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Essential for Practice, Kryptonite for Performance

POSTED ON December 17, 2016   |   One Comment

Self-evaluation is indispensable for making progress, but constant self-criticism can sabotage our performance on stage. I’ve struggled with this for years, and performance psychologist Dr. Noa Kageyama helps us identify and take steps toward solving this nagging problem.


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More Information Isn’t the Answer

POSTED ON November 26, 2016   |   2 Comments

I know many musicians struggle with a common problem—they have a vision of where they want to go, motivation to practice today, but don’t know how to bridge the chasm.

books
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Forget 10,000 Hours of Delayed Gratification—Practice Flow

POSTED ON September 16, 2016   |   3 Comments

Flow becomes an alternative path to mastery, sans the misery. Forget 10,000 hours of delayed gratification. Flow junkies turn instant gratification into their North Star—putting in far more hours of “practice time” by gleefully harnessing their hedonic impulse.

Steven Kotler, The Rise of Superman: Decoding the Science of Ultimate Human Performance

We’ve been telling ourselves the wrong story about practicing music.

Practicing is like a job. We need to subject ourselves to tedious work in isolation to achieve future results. The most successful musicians have the work ethic to slog through the most hours. Those who succumb to instant gratification are lazy, undisciplined, and destined for mediocrity.

Sound familiar? This story is the source of frustration, guilt, and self-doubt among countless musicians.

We can tell ourselves a different story. This new story is more joyful, fulfilling, and effective for attaining mastery.

Surfer at Mavericks. Photo courtesy of Flickr/jacobovs

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Why Only Is Better Than Best

POSTED ON August 08, 2016   |   2 Comments

Stop trying to beat everyone else. True success is creating work that no one else can replicate. Don’t aim to be the bestaim to be the only.

When you’re truly unmistakable, the competition becomes completely irrelevant. You’re not the best option, you’re the only option

– Srini Rao, Unmistakable: Why Only Is Better Than Best

Keith Jarrett doesn’t have any competition. If you want to hear Keith’s play live, there is no substitute for the man himself. Wayne Shorter, Esperanza Spalding, Bill Frisell, Roy Hargrove, and Pat Metheny are have carved out their own categories. They are unmistakable.

Are these musicians objectively the “best” at what they do? It’s an irrelevant question. These renowned artists have stepped out of the world of measurement into a universe of possibility.

monk

Portrait of Thelonious Monk, Minton’s Playhouse 1947, Photo by William Gottlieb, courtesy of Library of Congress

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Self-Doubt Versus Idea-Doubt

POSTED ON August 05, 2016   |   Post A Comment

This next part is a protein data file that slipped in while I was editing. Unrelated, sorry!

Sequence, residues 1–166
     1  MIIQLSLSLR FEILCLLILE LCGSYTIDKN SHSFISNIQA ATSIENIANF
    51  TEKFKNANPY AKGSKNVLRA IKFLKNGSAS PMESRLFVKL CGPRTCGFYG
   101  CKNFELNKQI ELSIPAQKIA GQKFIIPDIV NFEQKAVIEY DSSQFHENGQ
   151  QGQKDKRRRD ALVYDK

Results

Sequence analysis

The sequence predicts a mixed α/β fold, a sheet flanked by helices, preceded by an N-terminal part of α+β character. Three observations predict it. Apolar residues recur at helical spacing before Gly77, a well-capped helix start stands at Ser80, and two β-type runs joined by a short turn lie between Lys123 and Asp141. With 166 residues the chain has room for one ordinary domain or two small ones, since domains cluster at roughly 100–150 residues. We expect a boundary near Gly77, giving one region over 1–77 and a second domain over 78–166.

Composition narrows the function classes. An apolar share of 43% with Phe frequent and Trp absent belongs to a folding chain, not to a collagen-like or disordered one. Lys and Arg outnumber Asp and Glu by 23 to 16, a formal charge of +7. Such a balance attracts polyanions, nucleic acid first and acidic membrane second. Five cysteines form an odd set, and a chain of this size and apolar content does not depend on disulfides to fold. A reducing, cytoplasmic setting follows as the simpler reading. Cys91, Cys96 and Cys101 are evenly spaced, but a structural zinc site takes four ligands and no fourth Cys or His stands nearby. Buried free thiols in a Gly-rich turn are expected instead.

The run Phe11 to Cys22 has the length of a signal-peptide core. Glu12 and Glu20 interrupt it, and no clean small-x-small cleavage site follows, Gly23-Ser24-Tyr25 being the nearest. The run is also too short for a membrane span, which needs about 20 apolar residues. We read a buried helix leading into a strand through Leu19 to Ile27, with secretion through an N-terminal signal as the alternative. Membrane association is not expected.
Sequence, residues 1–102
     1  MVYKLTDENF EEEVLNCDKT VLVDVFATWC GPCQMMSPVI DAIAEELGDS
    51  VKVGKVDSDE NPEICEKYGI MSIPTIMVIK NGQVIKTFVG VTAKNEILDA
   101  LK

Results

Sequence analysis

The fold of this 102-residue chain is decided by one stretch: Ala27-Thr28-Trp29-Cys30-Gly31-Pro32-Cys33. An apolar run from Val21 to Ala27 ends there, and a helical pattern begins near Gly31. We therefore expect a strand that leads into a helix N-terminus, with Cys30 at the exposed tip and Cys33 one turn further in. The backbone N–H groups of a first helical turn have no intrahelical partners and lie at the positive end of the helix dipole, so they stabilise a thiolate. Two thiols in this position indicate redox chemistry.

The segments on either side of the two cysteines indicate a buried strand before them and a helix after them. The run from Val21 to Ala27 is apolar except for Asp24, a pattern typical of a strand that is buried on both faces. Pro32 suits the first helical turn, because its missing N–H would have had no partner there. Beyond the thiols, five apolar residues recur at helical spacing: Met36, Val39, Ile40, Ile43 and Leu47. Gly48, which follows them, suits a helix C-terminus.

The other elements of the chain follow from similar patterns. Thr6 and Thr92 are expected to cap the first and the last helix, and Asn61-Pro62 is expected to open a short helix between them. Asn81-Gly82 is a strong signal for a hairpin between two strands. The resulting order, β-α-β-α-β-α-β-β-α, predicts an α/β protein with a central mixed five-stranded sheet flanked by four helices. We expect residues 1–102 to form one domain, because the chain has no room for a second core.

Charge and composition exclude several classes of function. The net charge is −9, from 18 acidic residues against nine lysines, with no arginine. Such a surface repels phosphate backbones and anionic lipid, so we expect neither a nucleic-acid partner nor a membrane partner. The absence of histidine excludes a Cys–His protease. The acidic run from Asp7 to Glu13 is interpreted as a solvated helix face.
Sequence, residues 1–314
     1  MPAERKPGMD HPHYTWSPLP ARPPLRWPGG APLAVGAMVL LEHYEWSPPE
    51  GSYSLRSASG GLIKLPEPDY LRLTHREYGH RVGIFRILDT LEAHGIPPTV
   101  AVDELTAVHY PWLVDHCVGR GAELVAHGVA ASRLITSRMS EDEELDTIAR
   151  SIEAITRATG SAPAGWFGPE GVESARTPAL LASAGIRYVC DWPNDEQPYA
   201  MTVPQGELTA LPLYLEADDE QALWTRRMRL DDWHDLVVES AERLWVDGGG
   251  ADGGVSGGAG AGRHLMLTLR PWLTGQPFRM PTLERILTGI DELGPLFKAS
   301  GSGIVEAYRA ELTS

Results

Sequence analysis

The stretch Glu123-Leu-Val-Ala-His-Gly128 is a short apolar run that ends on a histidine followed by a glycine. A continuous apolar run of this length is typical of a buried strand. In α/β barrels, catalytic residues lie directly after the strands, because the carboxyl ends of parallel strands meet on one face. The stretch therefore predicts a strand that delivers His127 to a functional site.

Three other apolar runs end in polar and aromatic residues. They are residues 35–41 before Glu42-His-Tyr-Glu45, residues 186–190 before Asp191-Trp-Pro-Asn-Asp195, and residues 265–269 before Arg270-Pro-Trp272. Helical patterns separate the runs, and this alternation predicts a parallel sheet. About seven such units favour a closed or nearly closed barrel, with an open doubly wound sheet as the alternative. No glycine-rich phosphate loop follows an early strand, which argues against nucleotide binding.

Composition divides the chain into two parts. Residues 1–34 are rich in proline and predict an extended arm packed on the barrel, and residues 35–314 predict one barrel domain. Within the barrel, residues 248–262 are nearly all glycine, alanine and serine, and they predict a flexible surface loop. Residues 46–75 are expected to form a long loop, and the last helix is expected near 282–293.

Graphic novel author and illustrator Kazu Kibuishi wrote a succinct description of the creative process that resonated with artists all over the world:

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Quantity Leads to Quality

POSTED ON July 27, 2016   |   One Comment

It’s widely assumed that there’s a trade-off between quality and quality—if you want to do better work, you have to do less of it—but this turns out to be false. In fact, when it comes to idea generation, quantity is the most predictable path to quality.

Adam Grant, Originals: How Non-Conformists Move the World

Courtesy of Flickr/Gwenn Seemel

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Footage from the Game Symphony Workshop

POSTED ON July 07, 2016   |   Post A Comment

I had an exhilarating and inspiring weekend with thirteen musicians for the maiden voyage of the Game Symphony Workshop!

The event brought together a diverse group of musicians, including professional orchestral players, band directors, university students, and amateur musicians. The two day workshop at Seattle Pacific University culminated with the premiere of sixteen original pieces. The performance featured an improvised film score, abstract soundscapes, meditative minimalism, musical settings for poetry, solo improvisations, and Soundpainting, a sign language for live composition.

Kaley leads a rhythmic game on day one

Kaley leads a rhythm game on day one

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Find Your Calling

POSTED ON July 01, 2016   |   Post A Comment

I’m fascinated with how artists reconcile creating art with earning a living. Being a starving artist isn’t inevitable, but being passionate and skilled doesn’t entitle us to earn a living. The saying “do what you love and the money will follow” just doesn’t cut it!
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Who Cares if You Practice?

POSTED ON June 10, 2016   |   2 Comments

As players and teachers, many of us obsess over what to practice, how to practice, and how many hours to practice. This often puts the cart in front of the horse.

Photo courtesy of Flickr/Jason James

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Ideal Music Under Perfect Conditions

POSTED ON June 08, 2016   |   Post A Comment

I want to share a writing exercise from composer, pianist, and author W.A. Mathieu. If you feel overwhelmed or frustrated with trying to measure success by someone else’s model, this prompt will help you define a personal musical vision.

Photo courtesy of Flickr/alexanderward12

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